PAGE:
I COULD hardly believe my eyes when I saw the council’s latest idea – plans to extend the tram line to Dalkeith (News, May 10).
Are barmy ideas such as this what we pay our council tax for? These are plans to extend a tram line that is years behind the intended complete date and hundreds of millions of pounds over the budget.
Let’s not forget the chaos and confusion caused by the work done to update utilities and then lay the new tram line. Thousands of motorists, commuters and pedestrians were inconvenienced for years, and many folk have simply got out of the habit of going into the city centre.
As a consequence of that, many businesses have had to close, including ones on the line to the waterfront, which never even came to fruition.
Council officials say they are merely planning for the future. That’s all very well, but wasn’t it planning for the future which left Edinburgh with a shortened tram project at a much higher than promised price?
The mess made with the current tram project shows these people should not be trusted with planning anything more complicated than their next meal, and should certainly be kept miles away from our council tax payments.
Anyway, far from planning for the future, if we have to spend cash on transport projects, how about repairing our diabolical road surfaces? That would at least be a start.
William Marshall, Dalkeith Road, Edinburgh
Keeping an eye on our fascinating birds
As we enjoyed the annual Bird Fair at the weekend at the stunning Hopetoun House, I noted recent press on the effects of climate change and farming methods on Scotland’s wildlife.
Less ‘celebrated’ icons of our countryside unfortunately don’t tend to feature so prominently in coverage, but are just as affected. Sadly some of the UK’s beautiful wading birds are in rapid decline – notably both lapwing and curlew numbers have halved since 1995 according to the British Trust for Ornithology.
It’s interesting that some very simple changes in rural land management can dramatically assist recovery of these species including the control of pest predators such as foxes, crows and stoats and the rewetting of rough grassland.
Such measures are already common practice on Scotland’s managed grouse moors where lapwings and curlews thrive. The Scottish Land & Estates Moorland Group is working hard with RSPB and others to get this message heard and encourage more landowners to take simple, usually free measures to make sure we never lose these fascinating birds.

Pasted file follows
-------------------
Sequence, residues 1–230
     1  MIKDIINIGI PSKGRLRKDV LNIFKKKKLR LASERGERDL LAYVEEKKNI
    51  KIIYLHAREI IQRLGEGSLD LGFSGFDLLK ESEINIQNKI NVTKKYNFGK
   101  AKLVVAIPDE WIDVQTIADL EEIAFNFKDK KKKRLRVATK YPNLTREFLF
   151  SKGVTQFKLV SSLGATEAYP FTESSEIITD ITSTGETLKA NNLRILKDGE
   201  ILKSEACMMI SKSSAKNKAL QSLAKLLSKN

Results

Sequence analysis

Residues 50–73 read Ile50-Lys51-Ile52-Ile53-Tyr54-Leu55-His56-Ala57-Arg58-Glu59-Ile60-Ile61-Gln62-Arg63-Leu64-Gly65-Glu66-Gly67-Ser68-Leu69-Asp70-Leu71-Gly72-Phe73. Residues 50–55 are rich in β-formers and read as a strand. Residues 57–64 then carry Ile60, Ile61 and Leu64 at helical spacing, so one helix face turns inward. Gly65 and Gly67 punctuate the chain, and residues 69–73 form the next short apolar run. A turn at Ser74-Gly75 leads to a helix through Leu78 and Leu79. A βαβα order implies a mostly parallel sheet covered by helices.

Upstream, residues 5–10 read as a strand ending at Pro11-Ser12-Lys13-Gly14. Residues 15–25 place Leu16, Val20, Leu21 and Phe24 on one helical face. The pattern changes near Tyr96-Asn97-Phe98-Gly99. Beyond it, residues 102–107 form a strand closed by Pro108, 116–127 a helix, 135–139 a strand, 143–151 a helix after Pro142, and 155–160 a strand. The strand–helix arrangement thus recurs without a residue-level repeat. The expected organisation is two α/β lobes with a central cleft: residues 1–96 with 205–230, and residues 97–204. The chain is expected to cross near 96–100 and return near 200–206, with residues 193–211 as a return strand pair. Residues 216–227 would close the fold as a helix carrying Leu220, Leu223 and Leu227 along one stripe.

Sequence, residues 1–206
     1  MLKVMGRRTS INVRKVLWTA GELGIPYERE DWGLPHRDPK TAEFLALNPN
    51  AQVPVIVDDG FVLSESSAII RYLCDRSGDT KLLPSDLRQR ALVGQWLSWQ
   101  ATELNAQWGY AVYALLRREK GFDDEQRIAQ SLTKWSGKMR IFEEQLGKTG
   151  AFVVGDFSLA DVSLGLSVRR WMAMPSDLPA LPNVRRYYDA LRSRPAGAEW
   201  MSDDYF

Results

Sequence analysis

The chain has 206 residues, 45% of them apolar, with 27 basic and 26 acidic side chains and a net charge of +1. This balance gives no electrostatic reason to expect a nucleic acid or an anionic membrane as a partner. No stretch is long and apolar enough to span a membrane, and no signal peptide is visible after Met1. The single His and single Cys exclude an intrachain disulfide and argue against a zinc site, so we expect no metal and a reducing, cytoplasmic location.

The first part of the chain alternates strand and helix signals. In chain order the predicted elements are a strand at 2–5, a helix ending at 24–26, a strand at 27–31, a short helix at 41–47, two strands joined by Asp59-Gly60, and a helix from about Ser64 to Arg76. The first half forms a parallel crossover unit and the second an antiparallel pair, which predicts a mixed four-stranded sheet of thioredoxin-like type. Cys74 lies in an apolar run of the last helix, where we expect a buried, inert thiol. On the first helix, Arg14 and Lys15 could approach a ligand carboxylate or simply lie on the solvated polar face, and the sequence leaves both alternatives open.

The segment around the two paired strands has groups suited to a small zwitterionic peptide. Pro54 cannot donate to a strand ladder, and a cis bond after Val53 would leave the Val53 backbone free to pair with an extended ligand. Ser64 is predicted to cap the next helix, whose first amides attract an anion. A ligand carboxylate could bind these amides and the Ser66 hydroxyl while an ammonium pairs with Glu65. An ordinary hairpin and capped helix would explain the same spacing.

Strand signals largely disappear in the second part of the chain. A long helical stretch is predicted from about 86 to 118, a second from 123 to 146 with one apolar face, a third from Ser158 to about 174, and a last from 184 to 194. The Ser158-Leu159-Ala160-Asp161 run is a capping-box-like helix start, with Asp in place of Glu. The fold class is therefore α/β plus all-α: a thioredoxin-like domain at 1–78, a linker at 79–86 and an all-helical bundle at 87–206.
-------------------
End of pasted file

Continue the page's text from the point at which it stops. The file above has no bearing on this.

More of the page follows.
Tim Baynes, Scottish land & Estates’ Moorland Group, Stuart House, Musselburgh
Connery has done nothing for Scotland
I WAS disgusted when I read that some people had put Sir Sean Connery down among the names for the new Forth bridge (News, April 29).
Mr Connery has done nothing for Scotland, doesn’t live here or pay taxes here. He is one of those Scottish people with loud mouths such as Brian Cox and Elaine C Smith, none of them know about politics.
C Carson, Concord Way, Inverkeithing
Salmond’s plans are blowing in the wind
UNDER the SNP Government, wind farms have spread across our countryside like an ugly rash, even though they don’t seem to contribute much power and are expensive to create and situate.
In fact the pointlessness of these eyesores make me wonder if they are Alex Salmond’s secret weapon.
Perhaps he is hoping that when his dream of independence is tramples into the dirt at the referendum next year, a great wind will rise and, through the countless turbines, blow Scotland away from the rest of the UK.
That’s the closest the SNP will get to separating us from the rest of the country.
D Hunter, Northfield, Edinburgh
Labour party hand in hand with the Tories
I PROFOUNDLY disagree with the direction in which Johann Lamont has taken the Labour Party.
The Tories congratulated her mimicking their policies after she made a speech saying Scotland was a “something for nothing society”. Abolishing the council tax freeze and free prescriptions would be a threat to hard-working families.
People need to know and understand that voting “No” in the referendum might also mean pensioners voting to pay for their bus passes and personal care when they become infirm.
No wonder the Tories are over the moon with Labour, which is hand in hand with the Tories in the “Better together” campaign.
The unions warned Ms Lamont not rely on their automatic support in the referendum as Labour are siding with the Tories
Scotland under the SNP will control taxes and welfare benefits to make sure it can make the rich pay taxes and look after the poor in our society.
J Hill, former Labour activist, Stenhouse Avenue, Edinburgh Remembering dad, Arctic convoy hero
REGARDING the Arctic convoys, which have been in the news.
My father, Lewis John Wilson, went to Russia six times and was awarded the Distinguished Service Medal by King George VI at Buckingham Palace.
He never spoke much about it and he said it was not just him alone that should have been rewarded, but the men as well. He was made a chief petty officer – he was my hero!
Agnes Wilson, St Clair Avenue, Leith